Just then, the bell rang. The whole class darted for the door, eager to escape. However, the day’s events lingered. My friends and I talked about my teacher and how unfair her homework assignment was. Because we were angry, we decided not to do it. Just to see what would happen.
So the next morning we came into class without our homework done and scared to death. Everybody had a nervous look on his or her face. I sat in my seat, sweating bullets like everybody else in the room. Then our teacher walked in.
“So did everybody do their homework?” she asked. Everyone in the class looked at one another. And I could hear everybody murmuring “no” under his or her breath. I was relieved that I wasn’t the only one that didn’t do her homework. But then it got worse.
Our teacher divided the class into two groups, first one the students that did their homework and the students that didn’t. She then made the people in the second group explain why they hadn’t done their homework. I was so nervous that I thought that I was going to faint. But then it dawned on me. As the teacher neared me, I could feel the plan building and growing in my mind. When she got to me, I knew just what to say.
I told the teacher that my 90-year-old great grandmother died. My family had to clean out her house, which took the entire night. I was still shaking as I finished my story, playing the part. And the best thing was, my teacher bought it…or at least seemed to. Before moving onto the next student, she said that she would call my parents to confirm the story. When she said that I almost died. I figured out that I would probably get grounded (or killed) that night.
I went home and saw that my dad was not there. I breathed a sigh of relief, thinking I could delete the message on the answering machine if my teacher had called. I started doing my homework right away. Then the phone rang. I began to feel nervous; my legs started shaking again. I picked up the phone. It was a man’s voice, and I suddenly felt relieved. It was my dad. But then, I no longer felt relieved. He said he was coming home to talk to me. Now I felt like I was going to die again.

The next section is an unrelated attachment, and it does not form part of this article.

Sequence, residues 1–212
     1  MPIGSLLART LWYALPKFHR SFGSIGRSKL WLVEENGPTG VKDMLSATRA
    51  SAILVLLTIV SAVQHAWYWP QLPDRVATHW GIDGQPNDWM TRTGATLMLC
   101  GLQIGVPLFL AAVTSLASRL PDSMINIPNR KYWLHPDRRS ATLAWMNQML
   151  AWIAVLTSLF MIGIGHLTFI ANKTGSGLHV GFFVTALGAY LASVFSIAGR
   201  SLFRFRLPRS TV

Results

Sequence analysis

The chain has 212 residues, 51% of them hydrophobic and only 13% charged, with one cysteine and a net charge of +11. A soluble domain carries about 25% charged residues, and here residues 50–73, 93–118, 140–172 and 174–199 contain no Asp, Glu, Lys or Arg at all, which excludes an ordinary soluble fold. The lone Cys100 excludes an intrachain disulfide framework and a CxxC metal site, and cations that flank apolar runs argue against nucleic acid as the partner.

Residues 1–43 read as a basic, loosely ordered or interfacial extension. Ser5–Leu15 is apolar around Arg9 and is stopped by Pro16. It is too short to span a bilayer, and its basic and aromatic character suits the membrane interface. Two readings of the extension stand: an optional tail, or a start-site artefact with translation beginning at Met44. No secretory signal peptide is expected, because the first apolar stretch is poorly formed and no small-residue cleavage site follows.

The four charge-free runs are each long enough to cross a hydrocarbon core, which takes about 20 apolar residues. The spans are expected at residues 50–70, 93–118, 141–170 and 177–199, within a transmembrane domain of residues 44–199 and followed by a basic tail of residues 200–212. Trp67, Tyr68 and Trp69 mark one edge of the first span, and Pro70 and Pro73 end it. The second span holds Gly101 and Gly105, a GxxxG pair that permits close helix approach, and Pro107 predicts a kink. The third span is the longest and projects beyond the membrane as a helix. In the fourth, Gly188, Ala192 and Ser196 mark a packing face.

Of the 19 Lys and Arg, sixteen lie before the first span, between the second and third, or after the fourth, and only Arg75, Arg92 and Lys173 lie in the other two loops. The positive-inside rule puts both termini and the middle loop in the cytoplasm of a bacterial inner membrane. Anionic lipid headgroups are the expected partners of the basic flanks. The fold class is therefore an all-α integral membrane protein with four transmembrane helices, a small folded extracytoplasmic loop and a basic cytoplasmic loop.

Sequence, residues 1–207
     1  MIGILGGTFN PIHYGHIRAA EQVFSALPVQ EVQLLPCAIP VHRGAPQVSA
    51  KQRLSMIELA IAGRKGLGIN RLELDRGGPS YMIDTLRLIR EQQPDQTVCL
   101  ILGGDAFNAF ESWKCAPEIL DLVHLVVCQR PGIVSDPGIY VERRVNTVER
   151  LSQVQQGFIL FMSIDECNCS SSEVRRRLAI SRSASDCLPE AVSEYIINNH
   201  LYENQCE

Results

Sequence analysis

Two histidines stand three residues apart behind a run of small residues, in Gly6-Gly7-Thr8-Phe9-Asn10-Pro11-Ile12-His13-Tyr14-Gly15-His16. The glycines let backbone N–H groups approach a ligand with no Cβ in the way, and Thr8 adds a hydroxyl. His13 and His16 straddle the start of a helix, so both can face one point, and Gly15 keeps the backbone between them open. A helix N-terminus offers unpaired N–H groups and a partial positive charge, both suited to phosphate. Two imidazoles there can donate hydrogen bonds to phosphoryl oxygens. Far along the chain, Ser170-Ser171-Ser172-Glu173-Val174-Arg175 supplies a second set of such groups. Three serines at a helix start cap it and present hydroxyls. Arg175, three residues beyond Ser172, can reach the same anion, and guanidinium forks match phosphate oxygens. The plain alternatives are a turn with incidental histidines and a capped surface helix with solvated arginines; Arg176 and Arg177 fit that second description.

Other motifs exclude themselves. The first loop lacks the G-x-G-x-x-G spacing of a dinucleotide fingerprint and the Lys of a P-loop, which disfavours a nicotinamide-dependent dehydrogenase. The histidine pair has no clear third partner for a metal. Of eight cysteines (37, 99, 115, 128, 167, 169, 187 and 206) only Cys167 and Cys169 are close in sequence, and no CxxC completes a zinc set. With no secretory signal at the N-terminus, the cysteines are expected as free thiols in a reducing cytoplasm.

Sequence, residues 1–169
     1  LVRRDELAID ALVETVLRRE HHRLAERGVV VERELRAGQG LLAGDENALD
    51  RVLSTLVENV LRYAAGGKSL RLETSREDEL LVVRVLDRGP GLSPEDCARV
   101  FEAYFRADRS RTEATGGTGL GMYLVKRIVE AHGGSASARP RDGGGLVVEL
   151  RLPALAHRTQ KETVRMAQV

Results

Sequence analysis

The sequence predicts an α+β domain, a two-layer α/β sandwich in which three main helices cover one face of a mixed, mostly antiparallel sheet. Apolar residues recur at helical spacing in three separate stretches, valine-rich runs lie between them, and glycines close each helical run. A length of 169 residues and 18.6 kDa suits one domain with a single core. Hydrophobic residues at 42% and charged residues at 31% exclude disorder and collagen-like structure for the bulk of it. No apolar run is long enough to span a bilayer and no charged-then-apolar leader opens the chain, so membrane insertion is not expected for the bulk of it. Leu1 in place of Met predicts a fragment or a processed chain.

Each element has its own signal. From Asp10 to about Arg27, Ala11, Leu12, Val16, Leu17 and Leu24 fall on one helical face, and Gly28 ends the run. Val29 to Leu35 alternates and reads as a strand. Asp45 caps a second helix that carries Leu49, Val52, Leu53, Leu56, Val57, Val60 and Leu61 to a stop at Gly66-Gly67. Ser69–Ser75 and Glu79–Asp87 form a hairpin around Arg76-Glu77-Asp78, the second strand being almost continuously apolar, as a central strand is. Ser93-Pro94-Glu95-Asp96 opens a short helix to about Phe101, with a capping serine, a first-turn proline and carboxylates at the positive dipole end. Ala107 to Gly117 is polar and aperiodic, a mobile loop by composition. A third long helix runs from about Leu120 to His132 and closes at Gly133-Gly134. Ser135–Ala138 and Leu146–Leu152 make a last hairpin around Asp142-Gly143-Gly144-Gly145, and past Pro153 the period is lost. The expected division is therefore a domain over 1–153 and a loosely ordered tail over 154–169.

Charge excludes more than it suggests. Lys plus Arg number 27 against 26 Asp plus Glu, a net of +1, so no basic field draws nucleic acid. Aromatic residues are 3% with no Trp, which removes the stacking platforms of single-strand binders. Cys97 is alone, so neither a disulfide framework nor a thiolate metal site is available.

Twenty minutes later his car pulled into the driveway. He walked in with a stern look on his face, looking very angry and disappointed. He started talking in a slow voice.
“Kelsey,” he began, “did you tell your teacher that you couldn’t do your homework because your great grandmother died?”
To make a long story short, I caved. I told him everything. After a long discussion surrounding the multiple ways in which I had disappointed him, he told me not to do anything like that again, and to write a letter to the teacher saying I was sorry for lying to her. He also told me that I was grounded. For a week.
The next day I handed the note to my teacher and walked away. She said that I was a very nice girl for writing it, but that I shouldn’t lie or not do my homework. It turned out that that afternoon she called my house again and told my father how lovely I was, delivering the apology note. She also gave me half credit for the homework assignment. And when my parents found out, they decided to unground me.
I learned my lesson, though; always do your homework, even when you don’t feel like it. This is what I believe.